But blessed are your eyes, for they see, and your ears, for they hear. Matthew 13:16
Some people listen to what Jesus says but don’t believe that the Father is speaking. They don’t believe that his words are the words of the Father. That’s why God must draw them further along. When they hear the Word, God impresses it on their hearts. Then they’re able to believe that they’re hearing the Father’s words when they hear Christ speaking.
I plead with you to learn what it means for the Father to draw you. This means you must listen to the words from Christ’s mouth. You must learn from him. You must not stray from his words.
It’s not reason that brings you to faith. Christ overthrows your own self-deceit and reason. He condemns people who reject his spoken word and want to wait for something special to happen. They hope the Father will speak personally to them from heaven and give them the Spirit directly. They want to hear an audible voice from heaven, but it won’t happen.
The only way to hear the Father speak is through the Son. You will hear the words of Christ, but these aren’t enough to draw you. Your reason says that Christ is only a man, and his words are only the words of a man. But if you delight in reflecting on the Word—reading it, listening to it being preached, and loving it—soon you will come to the point where you say, “Truly this is God’s Word!” In this way, faith comes alongside reason.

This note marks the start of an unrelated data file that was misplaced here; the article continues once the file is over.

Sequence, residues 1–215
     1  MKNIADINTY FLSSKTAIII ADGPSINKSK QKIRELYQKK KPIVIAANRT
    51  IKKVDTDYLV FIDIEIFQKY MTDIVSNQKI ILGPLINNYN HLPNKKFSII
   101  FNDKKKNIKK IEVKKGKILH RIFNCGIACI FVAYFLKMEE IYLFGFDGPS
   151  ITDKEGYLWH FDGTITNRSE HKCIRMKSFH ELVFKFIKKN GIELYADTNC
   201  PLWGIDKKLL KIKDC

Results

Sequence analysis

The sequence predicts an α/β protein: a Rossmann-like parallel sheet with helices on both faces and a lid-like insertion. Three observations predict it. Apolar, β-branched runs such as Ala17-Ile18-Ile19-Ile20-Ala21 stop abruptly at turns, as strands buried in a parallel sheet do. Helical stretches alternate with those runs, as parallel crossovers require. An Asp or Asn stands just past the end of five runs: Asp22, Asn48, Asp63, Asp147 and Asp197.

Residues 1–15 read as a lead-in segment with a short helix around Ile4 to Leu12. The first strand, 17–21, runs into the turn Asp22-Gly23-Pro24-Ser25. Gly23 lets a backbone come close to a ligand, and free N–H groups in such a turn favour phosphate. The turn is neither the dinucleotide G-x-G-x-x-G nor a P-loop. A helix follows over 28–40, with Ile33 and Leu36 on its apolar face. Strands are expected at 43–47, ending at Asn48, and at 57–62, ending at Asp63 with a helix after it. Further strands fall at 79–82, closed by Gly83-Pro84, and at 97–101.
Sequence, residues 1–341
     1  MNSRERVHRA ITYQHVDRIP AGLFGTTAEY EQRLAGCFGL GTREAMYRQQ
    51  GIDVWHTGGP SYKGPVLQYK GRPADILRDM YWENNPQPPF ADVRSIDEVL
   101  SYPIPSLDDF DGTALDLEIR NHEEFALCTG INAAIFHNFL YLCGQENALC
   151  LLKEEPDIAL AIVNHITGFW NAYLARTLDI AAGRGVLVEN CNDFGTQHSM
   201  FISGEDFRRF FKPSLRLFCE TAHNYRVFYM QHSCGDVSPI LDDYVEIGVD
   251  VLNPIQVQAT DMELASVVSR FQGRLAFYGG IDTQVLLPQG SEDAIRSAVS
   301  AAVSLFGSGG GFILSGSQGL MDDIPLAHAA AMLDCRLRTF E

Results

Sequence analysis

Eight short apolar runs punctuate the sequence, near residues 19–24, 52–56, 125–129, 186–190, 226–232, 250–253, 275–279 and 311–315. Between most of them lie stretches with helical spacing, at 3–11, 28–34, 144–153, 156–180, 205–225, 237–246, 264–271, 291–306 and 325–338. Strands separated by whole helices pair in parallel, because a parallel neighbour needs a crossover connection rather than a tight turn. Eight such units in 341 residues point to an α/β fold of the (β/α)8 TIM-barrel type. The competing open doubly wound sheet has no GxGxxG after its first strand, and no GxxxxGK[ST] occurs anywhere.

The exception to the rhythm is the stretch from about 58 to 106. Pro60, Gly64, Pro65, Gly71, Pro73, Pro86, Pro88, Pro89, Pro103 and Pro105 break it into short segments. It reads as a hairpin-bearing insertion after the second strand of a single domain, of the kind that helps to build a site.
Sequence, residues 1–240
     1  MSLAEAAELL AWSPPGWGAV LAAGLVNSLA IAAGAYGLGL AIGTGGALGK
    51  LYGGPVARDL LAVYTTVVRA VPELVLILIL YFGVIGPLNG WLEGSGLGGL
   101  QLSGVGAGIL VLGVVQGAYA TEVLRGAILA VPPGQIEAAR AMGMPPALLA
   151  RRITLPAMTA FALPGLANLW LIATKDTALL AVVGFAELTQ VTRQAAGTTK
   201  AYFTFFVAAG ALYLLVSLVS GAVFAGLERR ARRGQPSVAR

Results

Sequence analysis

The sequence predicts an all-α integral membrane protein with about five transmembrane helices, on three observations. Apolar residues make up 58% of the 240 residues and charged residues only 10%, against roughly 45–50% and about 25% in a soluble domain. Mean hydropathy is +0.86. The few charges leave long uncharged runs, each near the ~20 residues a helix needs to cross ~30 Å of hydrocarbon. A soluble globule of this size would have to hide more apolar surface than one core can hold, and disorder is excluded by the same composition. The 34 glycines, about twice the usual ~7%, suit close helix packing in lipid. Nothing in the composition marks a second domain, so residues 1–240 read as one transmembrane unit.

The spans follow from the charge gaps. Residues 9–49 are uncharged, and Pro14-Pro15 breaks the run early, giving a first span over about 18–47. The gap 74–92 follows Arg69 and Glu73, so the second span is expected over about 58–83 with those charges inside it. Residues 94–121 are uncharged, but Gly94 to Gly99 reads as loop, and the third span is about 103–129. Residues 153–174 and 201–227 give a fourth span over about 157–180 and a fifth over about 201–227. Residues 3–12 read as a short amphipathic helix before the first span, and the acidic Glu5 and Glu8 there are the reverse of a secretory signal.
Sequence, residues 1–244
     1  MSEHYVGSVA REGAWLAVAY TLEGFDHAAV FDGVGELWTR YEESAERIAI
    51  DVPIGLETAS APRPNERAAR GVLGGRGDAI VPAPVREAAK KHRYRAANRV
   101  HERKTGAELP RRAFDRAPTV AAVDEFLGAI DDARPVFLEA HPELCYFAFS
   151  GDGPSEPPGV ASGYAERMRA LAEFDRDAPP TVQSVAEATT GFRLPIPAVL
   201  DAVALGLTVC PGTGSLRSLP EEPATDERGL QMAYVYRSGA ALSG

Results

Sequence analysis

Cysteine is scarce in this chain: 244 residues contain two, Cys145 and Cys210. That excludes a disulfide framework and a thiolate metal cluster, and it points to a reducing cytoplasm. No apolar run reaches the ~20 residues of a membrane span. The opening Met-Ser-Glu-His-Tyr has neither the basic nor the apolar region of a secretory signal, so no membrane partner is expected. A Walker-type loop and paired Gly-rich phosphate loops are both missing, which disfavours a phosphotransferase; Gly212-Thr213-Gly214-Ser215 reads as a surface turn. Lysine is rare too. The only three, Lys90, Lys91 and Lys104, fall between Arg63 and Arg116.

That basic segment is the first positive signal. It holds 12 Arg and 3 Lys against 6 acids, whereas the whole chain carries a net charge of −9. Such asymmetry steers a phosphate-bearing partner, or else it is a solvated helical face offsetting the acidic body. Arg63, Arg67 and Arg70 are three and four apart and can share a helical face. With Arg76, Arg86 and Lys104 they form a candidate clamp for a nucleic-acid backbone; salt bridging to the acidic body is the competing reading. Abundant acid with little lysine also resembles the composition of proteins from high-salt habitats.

95 Theses are reproduced in their entirety, with an introduction and explanatory notes to aid readers in discerning the significance of Luther’s call to reformation.
The Ninety-Five Theses is a text that everyone knows, most refer to, but few actually read, writes Stephen Nichols. Nevertheless, it is such a crucial text that it deserves to be read widely. Toward that end, Nichols has prepared this edition with an illuminating introduction, explanatory notes, and several illustrations. Martin Luther has left a legacy that continues to enrich the church through his writings. . ., writes Nichols. All of this may be traced back to the last day in October 1517 and the nailing of the Ninety-Five Theses to the church door.